I received a few reactions to last week’s blog about not expecting what you haven’t been explicitly promised. Explicitly being the key word here. One of the comments said: “How do you deal with situations where someone promises you something, you expect it and it doesn’t happen?”
The dynamic of people requesting and promising is often not as clear-cut and straightforward as people think, expect and describe it to be. In fact, it is rife with pitfalls, misunderstandings, and upsets. I have learned from experience that when disappointed people describe breakdowns as: “They promised and didn’t deliver!” there is almost always more to the story than that.
I want to share a few basic tips that may help you navigate this area more effectively:
1. Be committed to rigor and clarity. It will prevent misunderstanding:
I have seen so many times, in situations of conflict or dispute, person A insisting that person B promised to do or deliver something and simply not doing so, while person B denies that they ever made the promise in the first place.
Both sides feel resentful. Each side believes their version of the story represents the facts and truth. However, in many cases when both parties stepped back, looked under the hood and tried to view the situation objectively they realized that not bad faith or bad intent caused their heartache, but rather the lack of rigor and clarity in their initial interaction.
When requesting or promising there are three potential places where things could go wrong:
- What you are asking or what you are promising is not clear enough and not understood and agreed to in the same way by both sides. Often, instead of spelling it out people assume the other person knows exactly what they are asking or promising. I can’t tell you how many times I have seen that approach leading to misunderstanding and disappointment.
- The time frame of the promise is not clear. For example, a manager asks for a promotion, more resources or more budget for a strategic project, and his or her superior commends the effort and promises to make it happen “Sometime in the near future”. The manager leaves the exchange feeling excited and confident they will get what they have requested in the next thirty to sixty days and when it happens after six months he or she feel resentful that the promise was not met. Again, I have seen these types of misunderstandings many times.
- The level of sincerity and intent of the promise is not explicit. When you make a request and someone responses with “I’ll do my best” or “I don’t see any reason why not” don’t make the mistake of taking that as a promise. A promise is clear, explicit and unconditional. This doesn’t mean that a promise is a guarantee and therefore will always be fulfilled. However, when someone says: “I promise,” “You can count on me” or “You have my word” that represents a much stronger, sincerer and more committed intention to do what they said. People often avoid this level of clarity because it is uncomfortable and they fear it could lead to the realization that they may not get what they want.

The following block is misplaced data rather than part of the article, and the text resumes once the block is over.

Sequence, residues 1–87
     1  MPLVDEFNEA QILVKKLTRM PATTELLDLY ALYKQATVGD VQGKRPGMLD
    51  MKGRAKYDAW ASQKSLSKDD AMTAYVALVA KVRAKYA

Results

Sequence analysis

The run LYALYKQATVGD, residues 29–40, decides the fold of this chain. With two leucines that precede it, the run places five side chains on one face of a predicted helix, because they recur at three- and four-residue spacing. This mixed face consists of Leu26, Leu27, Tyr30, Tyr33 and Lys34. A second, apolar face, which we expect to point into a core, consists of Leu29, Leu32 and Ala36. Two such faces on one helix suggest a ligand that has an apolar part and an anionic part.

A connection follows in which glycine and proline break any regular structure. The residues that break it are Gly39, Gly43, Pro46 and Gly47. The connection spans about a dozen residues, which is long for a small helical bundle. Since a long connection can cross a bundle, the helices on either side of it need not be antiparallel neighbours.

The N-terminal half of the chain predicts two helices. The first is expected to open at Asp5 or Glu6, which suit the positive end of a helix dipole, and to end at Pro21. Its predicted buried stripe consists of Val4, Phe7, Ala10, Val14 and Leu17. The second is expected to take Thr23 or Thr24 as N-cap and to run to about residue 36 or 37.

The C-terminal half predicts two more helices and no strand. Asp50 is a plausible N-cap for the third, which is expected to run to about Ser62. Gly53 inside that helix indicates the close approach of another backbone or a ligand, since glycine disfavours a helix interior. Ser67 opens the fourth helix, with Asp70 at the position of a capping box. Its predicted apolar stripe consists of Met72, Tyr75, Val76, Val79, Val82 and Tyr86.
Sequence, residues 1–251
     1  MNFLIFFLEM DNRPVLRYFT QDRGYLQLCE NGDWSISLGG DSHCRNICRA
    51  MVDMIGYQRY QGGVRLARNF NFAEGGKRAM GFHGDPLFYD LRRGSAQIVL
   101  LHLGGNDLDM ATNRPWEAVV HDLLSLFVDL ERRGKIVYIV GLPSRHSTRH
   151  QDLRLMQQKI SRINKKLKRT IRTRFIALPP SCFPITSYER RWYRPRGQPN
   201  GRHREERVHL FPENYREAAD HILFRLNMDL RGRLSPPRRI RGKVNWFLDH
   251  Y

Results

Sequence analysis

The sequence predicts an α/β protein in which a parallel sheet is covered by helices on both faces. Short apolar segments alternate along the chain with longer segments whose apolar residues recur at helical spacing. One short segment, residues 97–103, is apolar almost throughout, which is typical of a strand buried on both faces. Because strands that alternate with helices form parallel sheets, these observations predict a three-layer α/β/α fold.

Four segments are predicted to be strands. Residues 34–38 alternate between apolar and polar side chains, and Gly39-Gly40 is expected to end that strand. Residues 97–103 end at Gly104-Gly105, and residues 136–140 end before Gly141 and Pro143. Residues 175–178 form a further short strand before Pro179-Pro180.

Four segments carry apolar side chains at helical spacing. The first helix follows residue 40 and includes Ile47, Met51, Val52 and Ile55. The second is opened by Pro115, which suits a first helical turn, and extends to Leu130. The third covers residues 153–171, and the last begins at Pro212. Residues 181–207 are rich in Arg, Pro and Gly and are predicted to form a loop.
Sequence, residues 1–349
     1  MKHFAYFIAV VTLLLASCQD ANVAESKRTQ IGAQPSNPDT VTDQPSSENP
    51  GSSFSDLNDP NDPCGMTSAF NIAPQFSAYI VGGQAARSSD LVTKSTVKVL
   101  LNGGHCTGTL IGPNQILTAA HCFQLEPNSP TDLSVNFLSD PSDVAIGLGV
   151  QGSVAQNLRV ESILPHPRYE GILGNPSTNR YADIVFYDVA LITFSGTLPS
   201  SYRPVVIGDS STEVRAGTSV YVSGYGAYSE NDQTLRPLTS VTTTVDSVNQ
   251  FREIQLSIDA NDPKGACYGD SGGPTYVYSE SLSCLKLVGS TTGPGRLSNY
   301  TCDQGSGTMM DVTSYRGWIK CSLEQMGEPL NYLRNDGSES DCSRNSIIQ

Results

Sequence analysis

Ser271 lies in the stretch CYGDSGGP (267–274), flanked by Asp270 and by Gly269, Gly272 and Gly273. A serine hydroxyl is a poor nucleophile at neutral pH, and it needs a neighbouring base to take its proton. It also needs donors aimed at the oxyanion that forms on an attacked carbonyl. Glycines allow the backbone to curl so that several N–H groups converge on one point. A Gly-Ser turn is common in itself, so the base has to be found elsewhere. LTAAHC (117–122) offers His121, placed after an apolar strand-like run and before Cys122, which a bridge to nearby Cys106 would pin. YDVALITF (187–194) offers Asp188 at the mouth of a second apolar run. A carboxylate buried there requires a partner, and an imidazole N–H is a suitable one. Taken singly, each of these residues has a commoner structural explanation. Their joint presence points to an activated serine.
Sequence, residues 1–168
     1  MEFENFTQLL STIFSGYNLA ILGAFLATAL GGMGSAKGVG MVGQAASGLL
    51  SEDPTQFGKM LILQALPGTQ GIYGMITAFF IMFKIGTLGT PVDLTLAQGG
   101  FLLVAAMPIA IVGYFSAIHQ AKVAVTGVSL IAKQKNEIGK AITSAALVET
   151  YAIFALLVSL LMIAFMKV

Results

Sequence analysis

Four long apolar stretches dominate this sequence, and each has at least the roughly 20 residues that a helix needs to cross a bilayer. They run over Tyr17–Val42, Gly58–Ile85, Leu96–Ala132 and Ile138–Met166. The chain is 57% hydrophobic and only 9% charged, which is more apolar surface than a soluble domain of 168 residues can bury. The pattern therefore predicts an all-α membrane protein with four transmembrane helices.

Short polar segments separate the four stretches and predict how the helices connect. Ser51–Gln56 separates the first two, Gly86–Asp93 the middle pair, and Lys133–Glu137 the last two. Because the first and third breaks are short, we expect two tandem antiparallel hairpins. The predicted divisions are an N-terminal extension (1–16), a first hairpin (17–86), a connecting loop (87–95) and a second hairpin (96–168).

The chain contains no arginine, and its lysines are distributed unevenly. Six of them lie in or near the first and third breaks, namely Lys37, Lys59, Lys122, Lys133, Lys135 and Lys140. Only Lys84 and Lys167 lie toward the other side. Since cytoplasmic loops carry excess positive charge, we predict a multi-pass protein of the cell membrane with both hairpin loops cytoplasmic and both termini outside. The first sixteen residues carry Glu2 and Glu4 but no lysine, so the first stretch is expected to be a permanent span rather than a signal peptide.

2, Check-in, follow up and support the promise while it is being delivered:
When someone promises you something and they are in the process of working on it, your job is not over. You want to stay engaged and involved throughout the duration of the delivery cycle as a committed and vested partner in order to keep the promise alive. This interaction will look different depending on the nature of the promise and person you are dealing with. Sometimes it may mean checking in on a frequent basis. At other times, it may mean looking the person in the eye at the onset to get a sense of confidence that they really mean it, got it and will follow through.
Again, people avoid this type of interaction because it is disruptive and uncomfortable. They fear it could lead to the realization that they may not get what they want.
3. Manage undelivered promises with integrity:
No matter how sincere the promise, it is never a guarantee. Things happen and people who promise sometimes fail to deliver or change their mind. If you understand and accept that simple fact, you will be in a much better place to deal with promises.
The good news is that for the most part, people know ahead of the deadline when they are not going to deliver what they had promised. But unfortunately, people seem to have no problem not doing what they said, they typically just have a problem being upfront about it ahead of time.
The deficit in courage to acknowledge and take responsibility for promises that are not going to be delivered often goes both ways – to the one promising and the one being promised to.
Have you ever been in a situation in which someone promised you something, you had a feeling they may not come through, and still you avoided confronting them about it?
Regardless of position and role; whether you are the boss, a peer or a subordinate – if you are not going to deliver on your promise, letting others find out at the last minute and be surprised is not acceptable. It undermines trust, credibility, team confidence, team strength, and success.
If you can’t deliver what you promised, communicate in a timely and responsible manner. Then the two of you – together – can figure out alternative solutions and routes to rectify the situation or take a different course.
People want to fulfill their commitments and succeed, but they also can handle the truth, even if it is unpleasant. By interacting with rigor, clarity, courage, and responsibility you are giving respect, enabling success and fostering personal growth.